in.gredients

Chipotle: A Pepper Defined

with 2 comments

Chipotle mayo, chipotle salsa, chipotle barbecue sauce – if you find the word “chipotle” in front of a dish, it probably implies that you’re in for a smokey, spicy, full-bodied kind of flavor. Chipotle has made it’s way in to the main stream of spicy food flavorings over the last decade or two – and rightfully so. It’s quite delicious. But, well…what is it exactly?

Pronounced “Chee-POAT-lay,” this dark red or brown dried chili pepper’s actually a jalapeño that’s been slow-smoked for hours in a smokehouse or on a low-heat grill. Fresh, green jalapeños can be used, but often Chipotles are made from fully-ripened red jalapeños. The tradition of Chipotle pepper making originated in Mexico and they’re commonly used in Mexican (and Mexican-American) cuisine to flavor sauces, soups, and a large variety of other dishes.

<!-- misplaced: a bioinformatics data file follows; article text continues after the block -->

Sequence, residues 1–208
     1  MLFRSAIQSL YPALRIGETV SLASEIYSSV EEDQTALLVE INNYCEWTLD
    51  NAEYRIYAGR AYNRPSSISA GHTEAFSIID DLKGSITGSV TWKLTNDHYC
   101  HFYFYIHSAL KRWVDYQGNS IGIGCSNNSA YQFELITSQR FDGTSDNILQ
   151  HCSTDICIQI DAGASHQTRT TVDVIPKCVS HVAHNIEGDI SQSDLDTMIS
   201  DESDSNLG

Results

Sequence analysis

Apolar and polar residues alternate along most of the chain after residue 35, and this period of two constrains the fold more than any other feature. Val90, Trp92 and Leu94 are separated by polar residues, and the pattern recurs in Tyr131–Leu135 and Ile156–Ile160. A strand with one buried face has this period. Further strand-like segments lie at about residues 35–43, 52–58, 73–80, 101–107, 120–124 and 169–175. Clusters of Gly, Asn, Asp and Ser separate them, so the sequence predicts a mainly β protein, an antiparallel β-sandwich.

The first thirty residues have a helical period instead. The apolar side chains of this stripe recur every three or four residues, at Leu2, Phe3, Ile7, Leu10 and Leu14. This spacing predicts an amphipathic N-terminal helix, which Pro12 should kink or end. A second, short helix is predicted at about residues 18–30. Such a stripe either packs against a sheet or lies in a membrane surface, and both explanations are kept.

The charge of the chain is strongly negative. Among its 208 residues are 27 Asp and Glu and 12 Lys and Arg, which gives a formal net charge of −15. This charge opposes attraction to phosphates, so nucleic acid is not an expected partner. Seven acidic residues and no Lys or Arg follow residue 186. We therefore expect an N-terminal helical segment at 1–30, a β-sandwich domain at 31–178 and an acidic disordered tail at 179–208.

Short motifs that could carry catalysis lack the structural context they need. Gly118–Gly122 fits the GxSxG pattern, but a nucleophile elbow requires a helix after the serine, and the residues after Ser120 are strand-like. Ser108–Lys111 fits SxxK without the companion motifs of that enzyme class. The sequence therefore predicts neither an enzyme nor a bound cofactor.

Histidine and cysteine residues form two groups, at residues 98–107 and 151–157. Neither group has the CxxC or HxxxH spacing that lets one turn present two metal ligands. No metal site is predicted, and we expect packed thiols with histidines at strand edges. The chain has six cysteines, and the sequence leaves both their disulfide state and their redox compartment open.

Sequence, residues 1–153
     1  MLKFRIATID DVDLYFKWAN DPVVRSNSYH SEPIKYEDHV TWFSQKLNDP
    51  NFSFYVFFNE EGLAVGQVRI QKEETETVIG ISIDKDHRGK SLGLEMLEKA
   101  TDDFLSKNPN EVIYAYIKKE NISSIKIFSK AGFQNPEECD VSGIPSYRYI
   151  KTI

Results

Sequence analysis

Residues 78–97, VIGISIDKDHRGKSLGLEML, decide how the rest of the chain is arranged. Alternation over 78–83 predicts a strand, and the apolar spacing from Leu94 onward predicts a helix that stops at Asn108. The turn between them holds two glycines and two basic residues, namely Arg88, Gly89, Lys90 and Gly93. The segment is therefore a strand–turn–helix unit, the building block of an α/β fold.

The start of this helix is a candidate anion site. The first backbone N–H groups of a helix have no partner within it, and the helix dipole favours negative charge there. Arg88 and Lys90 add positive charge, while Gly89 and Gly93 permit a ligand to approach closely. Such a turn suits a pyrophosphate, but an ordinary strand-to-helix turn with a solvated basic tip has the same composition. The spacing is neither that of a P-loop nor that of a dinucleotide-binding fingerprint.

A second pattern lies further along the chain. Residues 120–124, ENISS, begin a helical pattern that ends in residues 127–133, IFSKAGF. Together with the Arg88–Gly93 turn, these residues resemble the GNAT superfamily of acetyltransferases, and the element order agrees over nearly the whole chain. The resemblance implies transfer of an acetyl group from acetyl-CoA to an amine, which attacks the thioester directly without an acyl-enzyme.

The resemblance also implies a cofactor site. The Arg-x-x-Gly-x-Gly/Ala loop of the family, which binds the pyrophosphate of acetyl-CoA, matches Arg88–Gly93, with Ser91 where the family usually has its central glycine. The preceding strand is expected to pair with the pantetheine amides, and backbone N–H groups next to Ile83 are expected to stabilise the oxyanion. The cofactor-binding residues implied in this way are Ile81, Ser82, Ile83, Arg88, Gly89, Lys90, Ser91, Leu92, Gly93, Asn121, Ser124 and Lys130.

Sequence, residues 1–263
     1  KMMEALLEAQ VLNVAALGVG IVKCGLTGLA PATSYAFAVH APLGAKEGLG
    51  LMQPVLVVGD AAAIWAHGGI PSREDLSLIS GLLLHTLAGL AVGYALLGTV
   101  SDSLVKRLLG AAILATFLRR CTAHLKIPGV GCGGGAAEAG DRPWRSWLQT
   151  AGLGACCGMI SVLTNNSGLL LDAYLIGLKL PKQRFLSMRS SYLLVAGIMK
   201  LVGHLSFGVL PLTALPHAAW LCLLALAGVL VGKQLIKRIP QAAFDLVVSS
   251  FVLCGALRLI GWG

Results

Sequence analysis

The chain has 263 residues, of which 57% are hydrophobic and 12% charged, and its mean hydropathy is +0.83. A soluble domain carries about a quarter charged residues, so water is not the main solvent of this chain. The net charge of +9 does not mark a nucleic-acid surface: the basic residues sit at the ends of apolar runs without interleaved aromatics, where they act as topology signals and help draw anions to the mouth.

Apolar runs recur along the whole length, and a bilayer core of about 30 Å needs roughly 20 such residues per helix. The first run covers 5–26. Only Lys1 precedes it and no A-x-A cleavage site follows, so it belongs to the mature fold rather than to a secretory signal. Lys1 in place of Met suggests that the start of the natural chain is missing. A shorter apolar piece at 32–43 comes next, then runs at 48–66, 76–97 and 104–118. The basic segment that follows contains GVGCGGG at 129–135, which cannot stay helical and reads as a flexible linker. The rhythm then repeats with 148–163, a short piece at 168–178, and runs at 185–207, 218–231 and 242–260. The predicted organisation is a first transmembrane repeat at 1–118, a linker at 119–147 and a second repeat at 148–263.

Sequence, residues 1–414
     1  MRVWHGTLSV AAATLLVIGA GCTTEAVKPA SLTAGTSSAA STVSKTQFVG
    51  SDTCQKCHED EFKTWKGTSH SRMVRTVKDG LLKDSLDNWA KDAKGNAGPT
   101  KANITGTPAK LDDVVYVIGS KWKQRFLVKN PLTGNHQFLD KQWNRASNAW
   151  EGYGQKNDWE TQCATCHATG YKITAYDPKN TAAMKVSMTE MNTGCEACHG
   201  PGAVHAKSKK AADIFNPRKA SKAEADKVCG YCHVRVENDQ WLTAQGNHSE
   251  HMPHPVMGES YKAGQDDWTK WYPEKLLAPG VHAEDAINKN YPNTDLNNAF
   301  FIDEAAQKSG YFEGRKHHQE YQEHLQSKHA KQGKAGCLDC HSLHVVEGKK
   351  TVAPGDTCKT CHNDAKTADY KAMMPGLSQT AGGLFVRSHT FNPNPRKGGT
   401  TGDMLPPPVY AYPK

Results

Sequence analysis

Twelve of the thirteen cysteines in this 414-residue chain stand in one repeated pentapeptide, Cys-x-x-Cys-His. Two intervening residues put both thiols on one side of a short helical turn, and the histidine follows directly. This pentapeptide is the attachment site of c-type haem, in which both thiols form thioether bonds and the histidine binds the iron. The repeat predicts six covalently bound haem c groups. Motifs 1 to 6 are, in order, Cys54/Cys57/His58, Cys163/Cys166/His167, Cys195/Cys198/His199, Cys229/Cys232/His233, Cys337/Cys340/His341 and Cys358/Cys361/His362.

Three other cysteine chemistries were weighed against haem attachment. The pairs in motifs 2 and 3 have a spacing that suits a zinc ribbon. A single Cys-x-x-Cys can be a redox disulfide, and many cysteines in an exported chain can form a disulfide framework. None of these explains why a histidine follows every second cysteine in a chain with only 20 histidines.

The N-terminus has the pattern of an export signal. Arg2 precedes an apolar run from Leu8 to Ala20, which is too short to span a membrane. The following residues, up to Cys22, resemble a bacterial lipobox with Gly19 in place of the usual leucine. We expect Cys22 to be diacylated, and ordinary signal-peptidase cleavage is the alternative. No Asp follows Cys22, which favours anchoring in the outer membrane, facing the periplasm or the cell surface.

(image: Tangled Noodle)

Written by jmalsky

January 13, 2012 at 4:53 pm

2 Responses

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  1. Chipotle is my favorite and I use it in just about everything I cook (and keep a bottle of it on me to add to dishes). I’ve been using it for a fairly long time and haven’t got tired of it. It’s particularly tasty in southwest style egg tacos, chili, hamburgers, sprinkled over corn, etc.

    Jared

    January 13, 2012 at 5:31 pm

  2. I really like chipotle as more of an ingredient than a main flavor. It has great smokiness and above average heat that I love. I buy dried morita chiles from my local grocery shop (in the mexican food section). I roast them a bid and grind them to make chipotle flavored flakes. Morita chiles are essentially clack and red chipotle chiles that are not soaking in adobo sauce.

    PEPPERMEISTER!

    January 13, 2012 at 10:01 pm


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